Temple Pier, WC2R

Road in Waterloo

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Road · Waterloo · WC2R · Contributed by The Underground Map
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2000


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VIEW THE WATERLOO AREA IN THE 1750s
The 1750 Rocque map is bounded by Sudbury (NW), Snaresbrook (NE), Eltham (SE) and Hampton Court (SW).
Outside these bounds, the 1750 map does not display.

VIEW THE WATERLOO AREA IN THE 1800s
The 1800 mapping is bounded by Stanmore (NW), Woodford (NE), Bromley (SE) and Hampton Court (SW).
Outside these bounds, the 1800 map does not display.

VIEW THE WATERLOO AREA IN THE 1830s
The 1830 mapping is bounded by West Hampstead (NW), Hackney (NE), Greenwich (SE) and Chelsea (SW).
Outside these bounds, the 1830 map does not display.

VIEW THE WATERLOO AREA IN THE 1860s
The 1860 mapping is bounded by Brent Cross (NW), Stratford (NE), Greenwich (SE) and Hammermith (SW).
Outside these bounds, the 1860 map does not display.

VIEW THE WATERLOO AREA IN THE 1900s
The 1900 mapping covers all of the London area.

 

 
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Go to Waterloo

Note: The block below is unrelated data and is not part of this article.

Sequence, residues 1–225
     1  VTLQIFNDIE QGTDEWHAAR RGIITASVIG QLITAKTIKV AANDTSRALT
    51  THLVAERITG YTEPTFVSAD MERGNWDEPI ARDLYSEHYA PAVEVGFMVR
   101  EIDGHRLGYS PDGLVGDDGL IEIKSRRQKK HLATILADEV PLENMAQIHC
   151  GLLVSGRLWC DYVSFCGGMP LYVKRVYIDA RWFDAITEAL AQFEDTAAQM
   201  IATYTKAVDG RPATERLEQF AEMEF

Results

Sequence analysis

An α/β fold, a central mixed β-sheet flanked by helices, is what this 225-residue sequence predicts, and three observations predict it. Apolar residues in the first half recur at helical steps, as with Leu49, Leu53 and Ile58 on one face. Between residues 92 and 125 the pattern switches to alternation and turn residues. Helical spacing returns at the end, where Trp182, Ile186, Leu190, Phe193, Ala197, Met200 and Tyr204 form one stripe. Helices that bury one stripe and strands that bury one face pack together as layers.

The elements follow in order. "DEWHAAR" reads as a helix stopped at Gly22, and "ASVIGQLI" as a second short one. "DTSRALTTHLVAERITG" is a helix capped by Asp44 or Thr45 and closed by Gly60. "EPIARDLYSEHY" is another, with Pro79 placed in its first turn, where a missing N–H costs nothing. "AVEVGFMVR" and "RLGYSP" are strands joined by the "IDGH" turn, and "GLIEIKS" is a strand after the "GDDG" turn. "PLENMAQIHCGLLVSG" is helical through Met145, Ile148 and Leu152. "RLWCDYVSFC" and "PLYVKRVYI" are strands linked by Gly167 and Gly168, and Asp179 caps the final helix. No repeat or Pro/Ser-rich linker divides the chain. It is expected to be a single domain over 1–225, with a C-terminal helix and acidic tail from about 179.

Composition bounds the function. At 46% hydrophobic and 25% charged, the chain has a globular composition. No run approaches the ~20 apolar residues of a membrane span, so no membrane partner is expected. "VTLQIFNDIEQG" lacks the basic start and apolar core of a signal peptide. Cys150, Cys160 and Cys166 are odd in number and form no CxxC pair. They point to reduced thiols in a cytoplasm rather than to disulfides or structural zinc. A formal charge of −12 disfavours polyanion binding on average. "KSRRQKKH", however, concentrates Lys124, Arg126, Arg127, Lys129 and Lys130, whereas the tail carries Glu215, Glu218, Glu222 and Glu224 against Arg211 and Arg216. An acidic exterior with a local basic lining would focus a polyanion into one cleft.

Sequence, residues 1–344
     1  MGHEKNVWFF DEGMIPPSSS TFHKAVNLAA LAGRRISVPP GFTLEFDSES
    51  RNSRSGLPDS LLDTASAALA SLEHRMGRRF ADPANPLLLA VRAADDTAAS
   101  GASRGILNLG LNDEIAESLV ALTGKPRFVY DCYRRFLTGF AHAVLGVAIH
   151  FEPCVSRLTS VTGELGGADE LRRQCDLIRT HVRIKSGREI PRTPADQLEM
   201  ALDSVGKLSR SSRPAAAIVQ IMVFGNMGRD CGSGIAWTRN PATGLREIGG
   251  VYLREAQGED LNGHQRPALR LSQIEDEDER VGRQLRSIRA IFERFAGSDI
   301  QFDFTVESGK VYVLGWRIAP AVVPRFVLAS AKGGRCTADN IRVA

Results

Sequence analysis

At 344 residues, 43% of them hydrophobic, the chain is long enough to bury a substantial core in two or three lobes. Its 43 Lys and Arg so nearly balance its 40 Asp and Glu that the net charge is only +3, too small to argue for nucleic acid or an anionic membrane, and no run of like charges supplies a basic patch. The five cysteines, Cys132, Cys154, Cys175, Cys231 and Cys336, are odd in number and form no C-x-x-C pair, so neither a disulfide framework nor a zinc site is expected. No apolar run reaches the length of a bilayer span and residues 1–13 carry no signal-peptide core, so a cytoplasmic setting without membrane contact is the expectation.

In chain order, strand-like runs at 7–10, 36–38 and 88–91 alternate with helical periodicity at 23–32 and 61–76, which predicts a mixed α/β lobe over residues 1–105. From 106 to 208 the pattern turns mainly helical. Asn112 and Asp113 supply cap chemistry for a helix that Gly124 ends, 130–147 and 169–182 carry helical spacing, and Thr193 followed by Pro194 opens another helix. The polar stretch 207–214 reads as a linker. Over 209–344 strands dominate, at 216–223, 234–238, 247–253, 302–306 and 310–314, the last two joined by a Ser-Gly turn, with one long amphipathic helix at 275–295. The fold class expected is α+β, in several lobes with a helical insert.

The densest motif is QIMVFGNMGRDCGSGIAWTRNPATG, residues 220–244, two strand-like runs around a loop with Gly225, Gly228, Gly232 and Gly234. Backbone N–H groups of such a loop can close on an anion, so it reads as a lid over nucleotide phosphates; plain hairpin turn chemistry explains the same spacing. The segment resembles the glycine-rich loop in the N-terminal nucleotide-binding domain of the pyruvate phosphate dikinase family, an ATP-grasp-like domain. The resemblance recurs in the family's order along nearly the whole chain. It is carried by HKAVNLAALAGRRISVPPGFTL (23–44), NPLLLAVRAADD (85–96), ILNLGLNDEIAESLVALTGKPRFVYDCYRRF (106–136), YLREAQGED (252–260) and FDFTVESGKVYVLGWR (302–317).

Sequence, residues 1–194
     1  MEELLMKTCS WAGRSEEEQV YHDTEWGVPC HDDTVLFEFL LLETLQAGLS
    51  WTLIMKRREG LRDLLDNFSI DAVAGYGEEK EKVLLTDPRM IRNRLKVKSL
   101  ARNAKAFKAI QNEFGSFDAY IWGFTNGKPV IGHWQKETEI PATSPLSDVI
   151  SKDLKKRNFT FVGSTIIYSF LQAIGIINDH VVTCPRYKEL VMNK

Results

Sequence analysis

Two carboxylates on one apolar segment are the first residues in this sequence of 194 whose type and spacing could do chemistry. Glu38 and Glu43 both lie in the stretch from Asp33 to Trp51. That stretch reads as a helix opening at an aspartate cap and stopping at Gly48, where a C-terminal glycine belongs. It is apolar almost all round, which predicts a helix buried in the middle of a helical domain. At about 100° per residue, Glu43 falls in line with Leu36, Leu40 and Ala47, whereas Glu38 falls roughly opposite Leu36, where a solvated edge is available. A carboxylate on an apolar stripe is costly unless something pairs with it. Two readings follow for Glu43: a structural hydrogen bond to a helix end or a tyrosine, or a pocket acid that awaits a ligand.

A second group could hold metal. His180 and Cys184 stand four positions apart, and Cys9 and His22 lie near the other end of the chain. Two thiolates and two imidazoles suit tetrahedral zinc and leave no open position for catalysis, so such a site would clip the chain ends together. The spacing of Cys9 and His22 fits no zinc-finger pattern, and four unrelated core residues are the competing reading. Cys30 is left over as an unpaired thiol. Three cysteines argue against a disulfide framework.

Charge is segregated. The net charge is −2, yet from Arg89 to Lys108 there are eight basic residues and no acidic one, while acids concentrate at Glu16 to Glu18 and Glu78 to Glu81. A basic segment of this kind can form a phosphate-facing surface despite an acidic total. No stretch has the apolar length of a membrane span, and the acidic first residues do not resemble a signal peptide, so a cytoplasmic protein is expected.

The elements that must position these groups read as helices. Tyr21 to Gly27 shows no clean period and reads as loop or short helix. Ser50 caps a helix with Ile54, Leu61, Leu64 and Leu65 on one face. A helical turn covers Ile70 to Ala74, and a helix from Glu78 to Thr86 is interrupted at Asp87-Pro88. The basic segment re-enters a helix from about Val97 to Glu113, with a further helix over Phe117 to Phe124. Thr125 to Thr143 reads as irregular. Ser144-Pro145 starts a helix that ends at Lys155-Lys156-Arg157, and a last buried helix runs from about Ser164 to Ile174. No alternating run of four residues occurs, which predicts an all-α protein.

Waterloo

London Waterloo station is a central London railway terminus and London Underground complex. The station is one of 18 in Britain owned and operated by Network Rail and is close to the South Bank of the River Thames.

The London and South Western Railway (L&SWR) opened the station on 11 July 1848 as 'Waterloo Bridge Station' (from the nearby crossing over the Thames) when its main line was extended from Nine Elms. The station, designed by William Tite, was raised above marshy ground on a series of arches. The unfulfilled intention was for a through station with services to the City. In 1886, it officially became Waterloo Station, reflecting long-standing common usage, even in some L&SWR timetables.